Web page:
Blueberry or bilberry? What’s the difference?

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Blueberry or bilberry? What’s the difference?

Discover Sörmland Blog
Published by Stefanie Schlosser in Nature · 20 January 2022
Tags: blueberrybilberryforestnature
From July-August, the Swedish forests are rich in blueberries - or bilberries? Wait, what’s actually the difference?
What are blueberries? What are bilberries? Are there any differences at all?
These two names are commonly used interchangeably for these tasty, dark-blue berries. Whilst the actual blueberry refers to the American blueberry (Vaccinium corymbosum), the name bilberry is reserved for the European blueberry (Vaccinium myrtillus).
Vaccinium myrtillus grows on low bushes that can live up to 30 years. The leaves of this deciduous plant turn reddish in autumn before they finally fall off. It is this species that is widespread over large parts of Sweden and is called blåbär in Swedish, which directly translates to “blue-berry”. This is another source of confusion concerning the slightly different names in English.
Furthermore, it is cultivated forms of the American blueberries that can commonly be found in supermarkets and that are offered as plants in garden centers. The various species of cultivated blueberry that have been derived from the American blueberry are, at least at second glance, very different from the bilberries we can find in the Swedish forests.

Fig 1: Natural occuring difference in size of bilberries (European blueberry, Vaccinium myrtillus).
The difference is most obvious to those who like to pick blueberries and eat them directly. From the outside, the only obvious difference seems to be the size. Cultivated blueberries are generally much larger than their wild relatives. However, it quickly becomes clear that the real difference lies inside the berries. While the European blueberries are deep purple through and through, the cultivated varieties show up whitish on the inside and thus do not turn clothes, fingers, teeth or tongue blue. What may seem convenient at first, is less of an advantage when taking a closer look at the health aspects.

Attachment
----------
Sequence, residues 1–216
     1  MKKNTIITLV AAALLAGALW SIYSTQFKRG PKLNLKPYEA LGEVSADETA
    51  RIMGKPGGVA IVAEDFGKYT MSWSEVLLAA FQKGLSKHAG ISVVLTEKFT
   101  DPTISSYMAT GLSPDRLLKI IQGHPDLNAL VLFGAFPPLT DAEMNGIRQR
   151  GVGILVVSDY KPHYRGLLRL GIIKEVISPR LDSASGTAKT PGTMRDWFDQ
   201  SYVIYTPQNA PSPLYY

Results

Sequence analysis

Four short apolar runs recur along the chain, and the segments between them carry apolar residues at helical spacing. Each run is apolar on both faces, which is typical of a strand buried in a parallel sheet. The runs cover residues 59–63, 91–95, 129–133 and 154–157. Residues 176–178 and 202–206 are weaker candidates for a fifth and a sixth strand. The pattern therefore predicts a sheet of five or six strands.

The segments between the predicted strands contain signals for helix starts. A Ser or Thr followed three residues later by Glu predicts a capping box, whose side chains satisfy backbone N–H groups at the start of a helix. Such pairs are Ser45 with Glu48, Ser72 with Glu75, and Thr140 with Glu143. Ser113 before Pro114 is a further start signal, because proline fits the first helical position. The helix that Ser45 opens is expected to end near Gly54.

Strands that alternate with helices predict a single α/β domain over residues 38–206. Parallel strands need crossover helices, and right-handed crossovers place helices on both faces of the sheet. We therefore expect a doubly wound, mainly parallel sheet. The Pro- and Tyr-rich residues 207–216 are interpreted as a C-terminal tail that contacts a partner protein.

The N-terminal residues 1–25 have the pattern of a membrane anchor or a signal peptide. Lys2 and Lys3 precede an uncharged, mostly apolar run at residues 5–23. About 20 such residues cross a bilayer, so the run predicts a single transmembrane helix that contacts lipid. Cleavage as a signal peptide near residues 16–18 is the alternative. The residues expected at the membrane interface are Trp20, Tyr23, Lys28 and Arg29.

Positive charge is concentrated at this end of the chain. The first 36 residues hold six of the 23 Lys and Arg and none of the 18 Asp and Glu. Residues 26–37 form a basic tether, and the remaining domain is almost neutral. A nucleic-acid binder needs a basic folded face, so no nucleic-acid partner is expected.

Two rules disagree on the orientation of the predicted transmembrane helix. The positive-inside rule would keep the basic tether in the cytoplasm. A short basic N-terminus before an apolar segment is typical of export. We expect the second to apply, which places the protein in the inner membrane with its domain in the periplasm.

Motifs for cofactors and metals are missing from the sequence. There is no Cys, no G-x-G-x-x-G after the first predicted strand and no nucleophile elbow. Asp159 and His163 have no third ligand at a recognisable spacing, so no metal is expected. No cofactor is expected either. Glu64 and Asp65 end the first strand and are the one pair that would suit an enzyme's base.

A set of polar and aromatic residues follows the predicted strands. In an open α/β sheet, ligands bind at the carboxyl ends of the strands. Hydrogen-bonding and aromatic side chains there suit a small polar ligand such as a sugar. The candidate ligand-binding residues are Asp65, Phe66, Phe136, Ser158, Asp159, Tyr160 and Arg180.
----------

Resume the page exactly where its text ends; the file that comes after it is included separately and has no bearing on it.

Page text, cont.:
Anthocyanins are a very valuable ingredient of both blueberries and bilberries. They are not only responsible for the blue coloration, but also act as anti-inflammatory antioxidants in the human body. Those less-colored, cultivated blueberries logically contain significantly lower amounts of anthocyanins. In addition, the content of vitamin C in the cultivated varieties is about 10 times lower. Certainly, the large berries on the high-growing bushes are easier to harvest and can be stored better, but they also are less intense in flavor.  
To summarize: While cultivated blueberries are a healthy and tasty snack, they should only be second choice if you have access to wild bilberries from the Swedish forests. This superfood - to aptly use this fashionable term here - is nearly unbeatable concerning taste and health benefits.
The Swedish Right of Public Access (Allemansrätten), allows anyone to roam freely through the woods and pick berries and even edible mushrooms to their heart's content.

Most popular in Sweden are blueberry pancakes, blueberry jam, blueberry pie and of course the famous Swedish blueberry soup.
Personally, I prefer to eat these wonderful gifts of the forest in their purest form, either straight from the bushes or as an enrichment to my breakfast. What's your favorite blueberry dish? Feel free to share it with us in the comments below.

Fig 2: My breakfast enriched with bilberries of the Swedish forests.

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© Stefanie Schlosser 2023
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